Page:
Wednesday, 9 September 2015
Kelly Vincent – Vision Australia Interview on SA Pathology Service Cuts
On 9th September 2015, Dignity for Disability MLC Kelly Vincent was interview on Vision Australia radio station to discuss cuts to the South Australian Pathology Service. She also discussed a concern that some employees with disabilities within the pathology service have been informed their positions are being moved to an agency called Spotless; whilst employees in the same department without disabilities have not been informed that they will move. Here is the audio and transcript from the interview.
Pam Green: Time now to welcome to 5RPH, Dignity for Disability MLC Kelly Vincent. Hi Kelly.
Kelly Vincent: Hi Pam.
Pam Green: Well I understand that the Government are cutting the SA Pathology service within SA Health and it’s causing a lot of concern. What’s happening here Kelly?
Kelly Vincent: Well we understand that there are in the order of 300 jobs set to go from SA Pathology and most of those jobs are in a technical laboratory kind of setting obviously being pathology. We’re concerned that not enough importance is being placed on the work of people working pathology and in labs and in an analytical sense working with people’s medical conditions because there tends to be a tendency for people to believe that a doctor looks at you and instantly figures out what’s wrong with you. And that’s not the case. Often we rely on pathology and deeper analysis to tell us what’s going on. But certainly in the order of 300 jobs going is concerning enough particularly since we’ve already lost many jobs in areas like the automotive industry. But we’re also concerned by the lack of attention given the importance of pathology and people’s overall health and wellbeing.
Pam Green: And why are the local pathology services important for people in South Australia?
Kelly Vincent: Well certainly for regional South Australian’s we think this will have severe impact, not only again because it’s job losses but also because in many regional areas the kind of pathology services that we’re talking about are really the only services available and so if you don’t have a local service available to do this work for you, it’s going to be harder to get a clear diagnosis potentially about what is potentially going on for patients in rural and remote areas. I think especially that does extend out to areas like the APY lands, Aboriginal lands where wholesale privatisation of regional pathology services could be potentially damaging because of many considerations including the geography.
Pam Green: Well even today in question time in Parliament you asked a question about employees with disability that work in the pathology service, and it seems that they have received letters that their colleagues without disabilities have not. What have you been told is going on here?
Kelly Vincent: Yes, well we understand that some employees who do identify as having a disability who work in the pathology section have received a letter saying that their position will move to an agency called Spotless in the new Royal Adelaide Hospital. What we’re concerned about is that it doesn’t seem from what we’ve been told that employees in the same department without disabilities have indication that their position will eventually be moved. So of course we don’t want to jump in and suggest that something that isn’t happening is, but certainly from the research that we’ve done so far and from what we’ve been told, it would seem as though the employees without disabilities have not received this letter. So we want to know if these employees have been specifically targeted and what the reason is for that and what provisions will be available for them under their new employment at the RAH.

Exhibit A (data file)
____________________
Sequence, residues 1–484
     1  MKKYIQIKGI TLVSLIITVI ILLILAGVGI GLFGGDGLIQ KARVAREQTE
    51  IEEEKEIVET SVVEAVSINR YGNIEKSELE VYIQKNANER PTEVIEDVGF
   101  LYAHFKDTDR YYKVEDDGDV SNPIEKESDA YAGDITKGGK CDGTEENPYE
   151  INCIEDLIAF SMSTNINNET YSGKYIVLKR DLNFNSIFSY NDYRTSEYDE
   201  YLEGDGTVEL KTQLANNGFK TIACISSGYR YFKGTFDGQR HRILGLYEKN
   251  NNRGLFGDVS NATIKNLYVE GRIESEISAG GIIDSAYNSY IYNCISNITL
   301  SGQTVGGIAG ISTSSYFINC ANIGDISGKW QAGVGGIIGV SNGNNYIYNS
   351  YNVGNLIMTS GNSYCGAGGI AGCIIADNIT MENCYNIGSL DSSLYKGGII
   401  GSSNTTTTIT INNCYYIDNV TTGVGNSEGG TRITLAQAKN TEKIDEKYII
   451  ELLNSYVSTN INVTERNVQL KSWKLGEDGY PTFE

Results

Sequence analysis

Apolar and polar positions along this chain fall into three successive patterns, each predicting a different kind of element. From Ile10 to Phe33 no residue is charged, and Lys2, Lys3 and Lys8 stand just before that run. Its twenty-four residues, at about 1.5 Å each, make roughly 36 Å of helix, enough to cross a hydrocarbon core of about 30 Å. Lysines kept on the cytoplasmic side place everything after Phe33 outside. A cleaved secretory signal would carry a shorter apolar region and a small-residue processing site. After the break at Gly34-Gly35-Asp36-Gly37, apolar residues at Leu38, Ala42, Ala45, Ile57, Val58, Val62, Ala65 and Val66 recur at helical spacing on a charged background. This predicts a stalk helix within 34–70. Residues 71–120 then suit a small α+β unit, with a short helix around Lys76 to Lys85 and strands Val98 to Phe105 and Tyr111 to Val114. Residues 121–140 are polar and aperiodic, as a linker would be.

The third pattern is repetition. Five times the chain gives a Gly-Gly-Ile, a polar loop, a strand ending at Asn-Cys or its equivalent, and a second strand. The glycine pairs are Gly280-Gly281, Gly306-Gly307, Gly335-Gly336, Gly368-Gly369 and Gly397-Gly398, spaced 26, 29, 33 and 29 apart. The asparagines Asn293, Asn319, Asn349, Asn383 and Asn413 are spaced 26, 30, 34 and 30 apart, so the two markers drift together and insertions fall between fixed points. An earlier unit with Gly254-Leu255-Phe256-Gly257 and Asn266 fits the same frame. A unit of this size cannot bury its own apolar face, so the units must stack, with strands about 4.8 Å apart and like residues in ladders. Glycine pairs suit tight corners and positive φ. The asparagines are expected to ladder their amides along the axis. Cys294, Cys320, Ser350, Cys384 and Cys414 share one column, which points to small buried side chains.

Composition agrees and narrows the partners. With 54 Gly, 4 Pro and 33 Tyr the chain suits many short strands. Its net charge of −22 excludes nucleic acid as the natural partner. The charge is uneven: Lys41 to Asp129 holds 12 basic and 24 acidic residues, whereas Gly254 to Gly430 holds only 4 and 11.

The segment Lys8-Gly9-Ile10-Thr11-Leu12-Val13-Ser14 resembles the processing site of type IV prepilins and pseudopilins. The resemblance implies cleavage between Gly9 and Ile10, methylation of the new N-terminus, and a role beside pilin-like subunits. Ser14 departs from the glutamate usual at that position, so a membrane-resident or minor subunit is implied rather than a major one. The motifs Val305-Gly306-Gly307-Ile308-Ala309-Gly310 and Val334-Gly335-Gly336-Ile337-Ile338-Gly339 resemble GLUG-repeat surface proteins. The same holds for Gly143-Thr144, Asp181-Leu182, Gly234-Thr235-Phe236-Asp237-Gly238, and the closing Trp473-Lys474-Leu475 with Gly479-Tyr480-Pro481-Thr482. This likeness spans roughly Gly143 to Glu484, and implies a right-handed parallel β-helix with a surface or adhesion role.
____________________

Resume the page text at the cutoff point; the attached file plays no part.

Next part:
Pam Green: Well did the Government give you any answers today about what will occur with the move of some SA pathology services from the RAH to the new campus at the other end of North Terrace?
Kelly Vincent: Well look Pam because the question that I asked really related to the Minister for Health for obvious reasons and he is in the Lower House and I’m in the Upper House so of course we’re not able to communicate directly during Parliament. But my question has been taken on notice by the relevant Minister in the Upper House and I’ve been assured that he will return with a response but certainly if we don’t receive a response in an adequate time frame, we will take other avenues to correspond with the Minister for Health on this because it is an important issue. As you are well aware Pam I am sure, people with disabilities face enough barriers to gaining long-term stable employment without their being any particular targeting of positions being moved on. And of course like I say, we don’t want to suggest that is what is happening, there may well be a good reason that some employees have received this letter and others haven’t. But from what we have looked into thus far it would look like there is potentially a problem that needs to be looked into further so we will continue to do that.
Pam Green: Once again, thanks for taking the time to talk to us again Kelly.
Kelly Vincent: That’s a pleasure. Thanks Pam